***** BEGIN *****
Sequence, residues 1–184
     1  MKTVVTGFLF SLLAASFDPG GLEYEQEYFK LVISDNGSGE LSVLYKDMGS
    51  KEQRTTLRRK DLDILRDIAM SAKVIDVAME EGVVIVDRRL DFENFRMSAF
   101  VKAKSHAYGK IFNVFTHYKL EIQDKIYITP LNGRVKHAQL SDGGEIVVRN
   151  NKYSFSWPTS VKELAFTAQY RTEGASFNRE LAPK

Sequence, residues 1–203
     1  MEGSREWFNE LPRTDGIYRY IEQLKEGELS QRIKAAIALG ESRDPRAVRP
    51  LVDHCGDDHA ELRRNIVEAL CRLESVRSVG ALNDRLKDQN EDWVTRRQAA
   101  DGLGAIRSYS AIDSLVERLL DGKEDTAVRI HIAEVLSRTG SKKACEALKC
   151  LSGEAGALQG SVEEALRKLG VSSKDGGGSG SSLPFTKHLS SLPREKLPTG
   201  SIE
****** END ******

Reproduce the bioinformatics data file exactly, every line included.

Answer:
Sequence, residues 1–184
     1  MKTVVTGFLF SLLAASFDPG GLEYEQEYFK LVISDNGSGE LSVLYKDMGS
    51  KEQRTTLRRK DLDILRDIAM SAKVIDVAME EGVVIVDRRL DFENFRMSAF
   101  VKAKSHAYGK IFNVFTHYKL EIQDKIYITP LNGRVKHAQL SDGGEIVVRN
   151  NKYSFSWPTS VKELAFTAQY RTEGASFNRE LAPK

Sequence, residues 1–203
     1  MEGSREWFNE LPRTDGIYRY IEQLKEGELS QRIKAAIALG ESRDPRAVRP
    51  LVDHCGDDHA ELRRNIVEAL CRLESVRSVG ALNDRLKDQN EDWVTRRQAA
   101  DGLGAIRSYS AIDSLVERLL DGKEDTAVRI HIAEVLSRTG SKKACEALKC
   151  LSGEAGALQG SVEEALRKLG VSSKDGGGSG SSLPFTKHLS SLPREKLPTG
   201  SIE